Donald Trump has repeatedly implied this week that there might be a question as to whether the Canadian-born Ted Cruz is legally able to be president. On Wednesday, Cruz issued his first non-tweet-based response. “As a legal matter the question is quite straightforward and settled law, that the child of a US citizen born abroad is a natural born citizen," the Dallas Morning News quotes Cruz outside a campaign stop in Iowa. "People will continue to make political noise about it, but as a legal matter it’s quite straightforward." He pointed to John McCain (born in Panama), George Romney (born in Mexico), and Barry Goldwater (born in Arizona before it was a state) as examples of other "natural born" citizens who weren't actually born in the US.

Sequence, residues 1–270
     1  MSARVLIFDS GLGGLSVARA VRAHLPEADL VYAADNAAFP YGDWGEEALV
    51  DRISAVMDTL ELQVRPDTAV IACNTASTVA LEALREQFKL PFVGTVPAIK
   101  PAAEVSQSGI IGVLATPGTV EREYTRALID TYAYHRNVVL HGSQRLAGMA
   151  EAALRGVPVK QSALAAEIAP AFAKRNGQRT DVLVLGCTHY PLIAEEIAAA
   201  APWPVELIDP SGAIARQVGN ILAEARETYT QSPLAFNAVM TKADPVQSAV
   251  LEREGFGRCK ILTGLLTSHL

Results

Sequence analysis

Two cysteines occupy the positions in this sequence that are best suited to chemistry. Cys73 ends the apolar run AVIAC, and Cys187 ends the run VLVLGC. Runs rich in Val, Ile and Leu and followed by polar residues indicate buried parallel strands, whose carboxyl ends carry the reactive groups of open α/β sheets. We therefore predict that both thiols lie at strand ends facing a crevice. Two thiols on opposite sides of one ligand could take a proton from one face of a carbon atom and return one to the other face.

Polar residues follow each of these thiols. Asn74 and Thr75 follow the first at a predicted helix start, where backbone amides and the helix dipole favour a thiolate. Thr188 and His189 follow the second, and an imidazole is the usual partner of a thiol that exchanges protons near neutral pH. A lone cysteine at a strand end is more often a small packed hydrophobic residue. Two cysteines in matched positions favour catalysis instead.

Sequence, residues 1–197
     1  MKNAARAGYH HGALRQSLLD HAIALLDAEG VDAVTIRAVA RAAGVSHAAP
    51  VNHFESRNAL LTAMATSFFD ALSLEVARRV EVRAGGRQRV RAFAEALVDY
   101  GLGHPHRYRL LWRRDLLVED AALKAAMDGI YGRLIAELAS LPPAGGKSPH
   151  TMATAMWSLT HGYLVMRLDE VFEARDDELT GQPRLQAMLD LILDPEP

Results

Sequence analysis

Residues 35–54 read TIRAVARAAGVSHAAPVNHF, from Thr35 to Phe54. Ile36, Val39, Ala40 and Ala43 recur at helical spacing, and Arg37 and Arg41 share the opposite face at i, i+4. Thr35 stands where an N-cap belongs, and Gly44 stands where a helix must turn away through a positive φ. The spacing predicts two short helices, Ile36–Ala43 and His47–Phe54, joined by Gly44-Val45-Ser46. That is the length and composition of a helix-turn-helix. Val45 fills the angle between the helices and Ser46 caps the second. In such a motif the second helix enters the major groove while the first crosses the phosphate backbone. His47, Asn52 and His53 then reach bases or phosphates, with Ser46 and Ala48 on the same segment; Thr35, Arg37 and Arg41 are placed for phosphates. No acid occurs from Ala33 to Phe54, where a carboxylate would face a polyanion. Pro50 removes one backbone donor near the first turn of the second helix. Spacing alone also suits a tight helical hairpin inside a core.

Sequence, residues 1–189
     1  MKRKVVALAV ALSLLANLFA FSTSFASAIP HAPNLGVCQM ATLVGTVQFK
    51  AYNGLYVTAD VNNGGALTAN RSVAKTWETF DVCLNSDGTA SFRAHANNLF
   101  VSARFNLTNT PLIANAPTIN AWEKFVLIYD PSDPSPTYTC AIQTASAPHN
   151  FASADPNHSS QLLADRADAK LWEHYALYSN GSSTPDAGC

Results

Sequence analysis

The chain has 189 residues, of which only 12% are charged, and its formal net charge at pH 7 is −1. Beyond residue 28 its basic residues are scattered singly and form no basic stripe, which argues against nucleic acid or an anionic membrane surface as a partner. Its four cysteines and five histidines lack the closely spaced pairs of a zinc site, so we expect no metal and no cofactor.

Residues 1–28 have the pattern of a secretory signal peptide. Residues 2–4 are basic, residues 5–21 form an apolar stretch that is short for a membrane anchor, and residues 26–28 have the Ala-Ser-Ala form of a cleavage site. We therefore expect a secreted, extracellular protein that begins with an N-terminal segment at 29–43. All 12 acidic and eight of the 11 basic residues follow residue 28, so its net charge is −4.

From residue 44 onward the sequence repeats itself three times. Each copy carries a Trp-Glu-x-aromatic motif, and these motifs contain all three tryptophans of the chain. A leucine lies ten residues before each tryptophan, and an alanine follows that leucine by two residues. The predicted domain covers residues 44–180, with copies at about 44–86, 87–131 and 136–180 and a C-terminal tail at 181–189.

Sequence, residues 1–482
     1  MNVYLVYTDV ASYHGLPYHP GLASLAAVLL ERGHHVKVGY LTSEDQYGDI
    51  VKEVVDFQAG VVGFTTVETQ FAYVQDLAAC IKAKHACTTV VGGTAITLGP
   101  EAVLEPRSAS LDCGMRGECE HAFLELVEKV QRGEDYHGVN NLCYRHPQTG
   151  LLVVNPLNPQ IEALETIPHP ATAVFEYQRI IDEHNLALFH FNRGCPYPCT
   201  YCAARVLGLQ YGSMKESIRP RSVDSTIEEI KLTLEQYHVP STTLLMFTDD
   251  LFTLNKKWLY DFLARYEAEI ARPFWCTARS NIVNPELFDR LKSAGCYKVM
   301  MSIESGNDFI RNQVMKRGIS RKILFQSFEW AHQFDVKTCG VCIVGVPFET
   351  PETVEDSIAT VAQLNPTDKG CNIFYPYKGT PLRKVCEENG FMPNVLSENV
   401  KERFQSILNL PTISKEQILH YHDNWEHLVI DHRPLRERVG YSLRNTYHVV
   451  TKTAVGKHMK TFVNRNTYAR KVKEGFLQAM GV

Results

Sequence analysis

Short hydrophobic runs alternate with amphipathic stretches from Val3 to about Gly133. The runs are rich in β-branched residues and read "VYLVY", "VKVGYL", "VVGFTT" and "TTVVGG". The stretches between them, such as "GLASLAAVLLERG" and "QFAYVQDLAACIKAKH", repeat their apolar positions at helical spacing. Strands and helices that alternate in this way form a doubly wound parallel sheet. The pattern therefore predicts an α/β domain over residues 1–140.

The White House also got in on the Cruz controversy on Wednesday. The Hill quotes press secretary Josh Earnest, who noted "it would be quite ironic" if Republicans nominated Cruz after the birther conspiracy that dogged President Obama. “I don’t know if he does, but I sure do," Earnest responded when asked by a reporter if Obama was enjoying seeing Cruz dealing with similar questions over his birthplace. Cruz was born in Alberta but moved to the US when he was 4, the Morning News reports. He had dual citizenship until 2014, when he formally renounced his Canadian citizenship